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Biden parries attacks, Harris faces criticism in US Democratic debate

Lucas Jackson, Reuters | Former vice president Joe Biden and Senator Kamala Harris on the second night of consecutive Democratic presidential debates in Detroit on July 31.

If Tuesday’s Democratic presidential debate in Detroit was marked by moderates ganging up on progressives, Wednesday’s was the opposite, with more left-leaning candidates attacking centrist former US vice president Joe Biden.

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On the second consecutive night of debates among Democrats seeking the chance to face off against Republican President Donald Trump in the 2020 election, former vice president Joe Biden and California Senator Kamala Harris were at the centre of a fight over health care that has split the Democratic Party and which dominated the first debate in Detroit on Tuesday.

Harris made a reputation for herself as a spitfire after the first round of debates in June, when she chastened her opponent Biden for siding with anti-busing politicians in the 1970s. Wednesday’s evening, as the candidates took to the stage at Detroit’s Fox Theatre, Biden was heard telling Harris, “Go easy on me, Kid.”

As it turned out, it may have been Harris who should have been asking people to go easy on her. She found herself under attack from all sides, particularly on the matter of healthcare reform.

The moderators asked for her reaction to criticisms of her proposed Medicare for All plan, which she released on Monday. Biden's campaign called it a “have-it-every-which-way approach”. The plan does not advocate for a government-run, single-payer system. Instead it would allow private health insurance companies to remain in the system, a proposal some detractors say does not square with the concept of Medicare for All.

"You can't beat President Trump with double-talk on this plan," Biden told Harris. "The plan, no matter how you cut, it costs $3 trillion. It will require middle-class taxes to go up, not down. Thirdly, it will eliminate employer-based insurance."

Harris rejected Biden's description as "simply inaccurate" and ripped into his proposal to build on former president Barack Obama's healthcare plan, popularly known as Obamacare, and to include a government-run option, saying it would leave millions uninsured.

Their off-stage fellow contender Bernie Sanders, who debated on Tuesday, was not having any of it. His campaign tweeted his disapproval of both Biden's and Harris’s positions:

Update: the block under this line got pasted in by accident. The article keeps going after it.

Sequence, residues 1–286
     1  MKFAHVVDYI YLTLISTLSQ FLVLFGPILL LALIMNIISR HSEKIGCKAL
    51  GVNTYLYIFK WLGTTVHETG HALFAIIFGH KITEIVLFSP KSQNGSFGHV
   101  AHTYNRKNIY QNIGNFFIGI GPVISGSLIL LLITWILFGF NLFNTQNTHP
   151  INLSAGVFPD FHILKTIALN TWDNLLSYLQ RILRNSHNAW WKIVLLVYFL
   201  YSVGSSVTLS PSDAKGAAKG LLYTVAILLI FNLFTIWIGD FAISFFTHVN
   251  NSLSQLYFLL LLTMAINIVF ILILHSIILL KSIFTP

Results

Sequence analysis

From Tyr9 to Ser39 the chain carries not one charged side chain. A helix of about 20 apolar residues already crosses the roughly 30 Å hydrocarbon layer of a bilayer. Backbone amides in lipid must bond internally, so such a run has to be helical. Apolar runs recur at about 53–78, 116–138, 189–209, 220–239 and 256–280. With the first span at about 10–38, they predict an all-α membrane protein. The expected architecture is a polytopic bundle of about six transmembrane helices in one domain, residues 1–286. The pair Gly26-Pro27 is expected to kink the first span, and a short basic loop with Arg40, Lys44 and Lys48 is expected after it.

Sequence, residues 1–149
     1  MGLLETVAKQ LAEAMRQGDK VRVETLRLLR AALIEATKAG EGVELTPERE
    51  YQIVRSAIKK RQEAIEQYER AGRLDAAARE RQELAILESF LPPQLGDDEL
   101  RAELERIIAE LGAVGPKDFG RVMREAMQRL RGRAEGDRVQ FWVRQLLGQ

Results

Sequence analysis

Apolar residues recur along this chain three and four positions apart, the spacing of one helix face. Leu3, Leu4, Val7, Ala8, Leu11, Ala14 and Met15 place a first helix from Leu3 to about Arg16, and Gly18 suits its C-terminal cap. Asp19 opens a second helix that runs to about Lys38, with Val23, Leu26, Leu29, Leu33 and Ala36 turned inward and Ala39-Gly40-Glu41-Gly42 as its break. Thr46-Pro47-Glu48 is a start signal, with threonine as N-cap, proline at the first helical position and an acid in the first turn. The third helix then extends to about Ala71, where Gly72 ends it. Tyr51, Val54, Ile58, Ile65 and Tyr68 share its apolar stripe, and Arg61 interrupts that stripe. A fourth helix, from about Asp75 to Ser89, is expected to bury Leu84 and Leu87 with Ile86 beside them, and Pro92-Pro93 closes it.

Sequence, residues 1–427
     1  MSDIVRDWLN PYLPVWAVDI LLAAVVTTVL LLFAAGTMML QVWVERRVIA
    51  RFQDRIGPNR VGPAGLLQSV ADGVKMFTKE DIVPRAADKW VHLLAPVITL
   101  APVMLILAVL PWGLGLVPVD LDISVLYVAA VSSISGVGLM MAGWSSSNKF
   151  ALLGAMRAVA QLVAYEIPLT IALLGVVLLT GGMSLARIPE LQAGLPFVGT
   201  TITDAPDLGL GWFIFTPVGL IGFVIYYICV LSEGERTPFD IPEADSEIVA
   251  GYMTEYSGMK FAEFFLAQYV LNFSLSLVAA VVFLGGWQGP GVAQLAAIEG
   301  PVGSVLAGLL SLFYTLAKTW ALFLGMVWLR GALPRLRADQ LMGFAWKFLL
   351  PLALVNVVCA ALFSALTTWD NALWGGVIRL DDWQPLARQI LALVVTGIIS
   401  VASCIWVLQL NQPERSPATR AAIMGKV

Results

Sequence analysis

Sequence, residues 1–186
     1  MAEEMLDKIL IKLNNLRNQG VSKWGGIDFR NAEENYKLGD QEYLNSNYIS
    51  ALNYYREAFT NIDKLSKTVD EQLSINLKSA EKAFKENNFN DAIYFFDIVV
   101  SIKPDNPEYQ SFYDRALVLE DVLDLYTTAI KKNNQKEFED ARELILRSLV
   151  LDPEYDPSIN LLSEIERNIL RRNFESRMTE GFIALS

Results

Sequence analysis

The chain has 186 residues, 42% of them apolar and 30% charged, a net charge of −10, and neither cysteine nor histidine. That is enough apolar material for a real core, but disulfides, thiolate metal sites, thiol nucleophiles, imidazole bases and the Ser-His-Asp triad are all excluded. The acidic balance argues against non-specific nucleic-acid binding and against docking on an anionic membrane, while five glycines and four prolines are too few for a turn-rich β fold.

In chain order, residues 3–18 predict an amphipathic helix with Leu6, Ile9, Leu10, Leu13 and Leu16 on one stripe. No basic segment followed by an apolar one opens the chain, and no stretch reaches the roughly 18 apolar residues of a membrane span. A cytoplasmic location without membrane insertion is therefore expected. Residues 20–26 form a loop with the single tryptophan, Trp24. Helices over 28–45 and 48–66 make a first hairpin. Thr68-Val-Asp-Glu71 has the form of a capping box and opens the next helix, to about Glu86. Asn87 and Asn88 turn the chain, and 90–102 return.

Biden’s Obama ties: A double-edged sword

The feather in Biden’s cap for the 2020 campaign has been his role as right-hand man for popular former president Barack Obama.

On the other hand, his vice presidential bona fides came back to bite him on the topic of immigration. A heckler in the crowd shouted over Biden, “Three million deportations!”– a reference to the number of undocumented immigrants the Obama administration expelled from the United States.

When Biden tried to distance himself from the issue, former Newark, New Jersey, mayor Cory Booker told him, “You can’t have it both ways. You invoke President Obama more than anyone else in this campaign. You can’t do it when it’s convenient and then duck it when it’s not.”

Biden was arguably the most centrist of those on stage, something the other candidates again tried to emphasise during a discussion of climate change.

Washington state Governor Jay Inslee, who has made global warming central to his political platform, said, "Middle-ground solutions, like the vice president has proposed, or sort of average-sized things, are not going to save us. Too little, too late is too dangerous.”

Biden defended himself from Inslee’s dig, saying, “The fact of the matter is, nothing is 'middle ground' about my plan. I call for immediate action to be taken."

He added: "Here's the deal, in that area, there's also [a] piece, 85% of it is something I helped negotiate and that is the Paris climate accord. I would re-join that accord."

Other candidates would not let Biden rest on his Obama-era Paris climate accord laurels. Booker said, “Nobody should get applause when they say they’re going to re-join the Paris climate accord. That is kindergarten, we need advanced thinking."

Tech entrepreneur Andrew Yang, who is running on the promise of a universal basic income of $1000 per month for all adult Americans, took a more cynical stance than the other candidates.

“This is going to be a tough truth, but we are too late," Yang said. "We are 10 years too late.”

What’s next?

Biden is far ahead of his 20-odd Democratic opponents in the polls, coming in at 32.2% versus Sanders’ 16.2%, according to the most recent polls on Real Clear Politics, which calculates a running average of six major polls. Due to his clear lead, many pundits observed that these debates were Biden’s to lose, and that he was unlikely to lose his lead as long as he did not make a huge gaffe, a pitfall he avoided.

Though Wednesday’s debates saw candidates like Booker and Inslee distinguish themselves, it still looks to be a three-way race between Biden, Sanders and Massachusetts Senator Elizabeth Warren, who debated on Tuesday.

The real test of mettle comes with caucus season, which kicks off in Iowa February 3. Super Tuesday, on which 16 US jurisdictions and Democrats Abroad have their primaries simultaneously, takes place on March 3.

(with AP and REUTERS)

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